FLGgt0 then we add integers N1 and N2 and store
    the result otherwise we subtract N2 from N1 and
    store the result.

ORG 0 LDA FLG /PREPARE CONDITION
SPA /IF TRUE PERFORM THEN-clause BUN
ELS / OTHERWISE, BRANCH TO ELSE-clause THN,
LDA N1 /BEGIN THEN-clause ADD N2 STA
VAL /END THEN-clause BUN CON /BRANCH TO
END OF IF-structure ELS, LDA N2 /BEGIN
ELSE-clause CMA INC ADD N1
STA VAL /END ELSE-clause CON, HLT
/CONTINUE PROGRAM FLG, DEC 1 N1, DEC 20 N2, DEC
15 VAL, DEC 0 END
36
Program Example 1B Decision
ASSEMBLER PASS 1 LC SYM INSTR --- ---
----- ORG 0 000 LDA FLG 001
SPA 002 BUN ELS 003 THN, LDA N1 004
ADD N2 005 STA VAL 006 BUN CON
007 ELS, LDA N2 008 CMA 009 INC
00A ADD N1 00B STA VAL 00C CON,
HLT 00D FLG, DEC 1 00E N1, DEC 20 00F
N2, DEC 15 010 VAL, DEC 0 011 END
ASSEMBLER PASS 2 LC OBJ SYM INSTR ---
---- --- ----- ORG 0 000 200D
LDA FLG 001 7010 SPA 002 4007
BUN ELS 003 200E THN, LDA N1 004 100F
ADD N2 005 3010 STA VAL 006 400C
BUN CON 007 200F ELS, LDA N2 008 7200
CMA 009 7020 INC 00A 100E ADD
N1 00B 3010 STA VAL 00C 7001 CON, HLT
00D 0001 FLG, DEC 1 00E 0014 N1, DEC
20 00F 000F N2, DEC 15 010 0000 VAL, DEC
0 011 END LENGTH17 WORDS
  • Program an ltif-then-elsegt branching structure
  • Assume a flag is stored at FLG in memory. If
    FLGgt0 then we add integers N1 and N2 and store
    the result otherwise we subtract N2 from N1 and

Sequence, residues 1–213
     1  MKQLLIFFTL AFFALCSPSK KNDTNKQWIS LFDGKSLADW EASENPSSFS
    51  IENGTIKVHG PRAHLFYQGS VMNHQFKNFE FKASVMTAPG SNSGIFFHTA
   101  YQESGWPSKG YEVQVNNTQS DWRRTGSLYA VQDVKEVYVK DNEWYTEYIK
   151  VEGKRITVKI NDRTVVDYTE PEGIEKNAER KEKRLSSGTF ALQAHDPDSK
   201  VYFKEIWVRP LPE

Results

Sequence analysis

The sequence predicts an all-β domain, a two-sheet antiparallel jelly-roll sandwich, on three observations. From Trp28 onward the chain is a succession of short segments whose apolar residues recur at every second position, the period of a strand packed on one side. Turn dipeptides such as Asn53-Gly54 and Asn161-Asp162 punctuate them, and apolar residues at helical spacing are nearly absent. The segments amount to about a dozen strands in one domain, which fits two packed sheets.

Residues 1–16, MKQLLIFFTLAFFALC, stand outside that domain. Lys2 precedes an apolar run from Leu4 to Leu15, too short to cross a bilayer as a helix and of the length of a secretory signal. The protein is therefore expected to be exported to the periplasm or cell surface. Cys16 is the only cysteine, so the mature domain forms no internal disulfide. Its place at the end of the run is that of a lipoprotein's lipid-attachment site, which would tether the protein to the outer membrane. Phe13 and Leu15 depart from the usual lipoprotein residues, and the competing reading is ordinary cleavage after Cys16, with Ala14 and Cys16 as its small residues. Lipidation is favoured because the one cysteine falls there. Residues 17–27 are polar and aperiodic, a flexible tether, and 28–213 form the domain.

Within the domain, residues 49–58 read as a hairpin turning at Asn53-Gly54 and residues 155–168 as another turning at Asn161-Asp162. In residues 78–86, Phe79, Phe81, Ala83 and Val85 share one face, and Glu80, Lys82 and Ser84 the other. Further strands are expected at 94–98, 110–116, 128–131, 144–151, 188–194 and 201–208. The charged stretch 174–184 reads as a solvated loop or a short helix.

store the result.

SYMBOL LC CON 00C ELS 007 FLG
00D N1 00E N2 00F THN 003 VAL
010
ORG 0 LDA FLG /PREPARE CONDITION
SPA /IF TRUE PERFORM THEN-clause BUN
ELS / OTHERWISE, BRANCH TO ELSE-clause THN,
LDA N1 /BEGIN THEN-clause ADD N2 STA
VAL /END THEN-clause BUN CON /BRANCH TO
END OF IF-structure ELS, LDA N2 /BEGIN
ELSE-clause CMA INC ADD N1
STA VAL /END ELSE-clause CON, HLT
/CONTINUE PROGRAM FLG, DEC 1 N1, DEC 20 N2, DEC
15 VAL, DEC 0 END
37
Program Example 1C Loops
  • A simple counting loop to find the sum of a list
    of N integers.

38
Program Example 1C Loops
ORG 0 LDA N /PREPARE COUNT
VARIABLE CMA INC STA N
SPA /TEST IF Ngt0 BUN CON /
OTHERWISE, BYPASS LOOP LOP, LDA SUM /BEGIN
LOOP ADD VP I /Note use of indirect mode
STA SUM ISZ VP /Increment V-pointer
ISZ N /NN1, EXIT LOOP IF N0 BUN LOP
/BRANCH TO LOOP BEGIN CON, HLT /CONTINUE
PROGRAM N, DEC 5 SUM DEC 0 VP, HEX 20
/ADDRESS OF V ORG 20 V, DEC 5 /VECTOR
OF INTEGERS DEC 15 DEC 10 DEC 8
DEC 17 END
  • A simple counting loop to find the sum of a list
    of N integers.

39
Program Example 1C Loops
ASSEMBLER PASS 2 LC OBJ SYM INSTR ---
---- --- ---- ORG 0 000 200D
LDA N 001 7200 CMA 002
7020 INC 003 300D STA N 004 7010
SPA 005 400C BUN CON 006
200E LOP, LDA SUM 007 9009 ADD VP I
008 300E STA SUM 009 600F ISZ VP
00A 600D ISZ N 00B 4006 BUN
LOP 00C 7001 CON, HLT 00D 0005 N,
DEC 5 00E 0000 SUM DEC 0 00F 0020 VP,
HEX 20 ORG 20 020 0005 V,
DEC 5 021 000F DEC 15 022 000A
DEC 10 023 0008 DEC 8 024 0011 DEC
17 025 END LENGTH37 WORDS
ASSEMBLER PASS 1 LC SYM INSTR --- --- ----
ORG 0 000 LDA N 001
CMA 002 INC 003 STA N 004
SPA 005 BUN CON 006 LOP, LDA
SUM 007 ADD VP I 008 STA SUM 009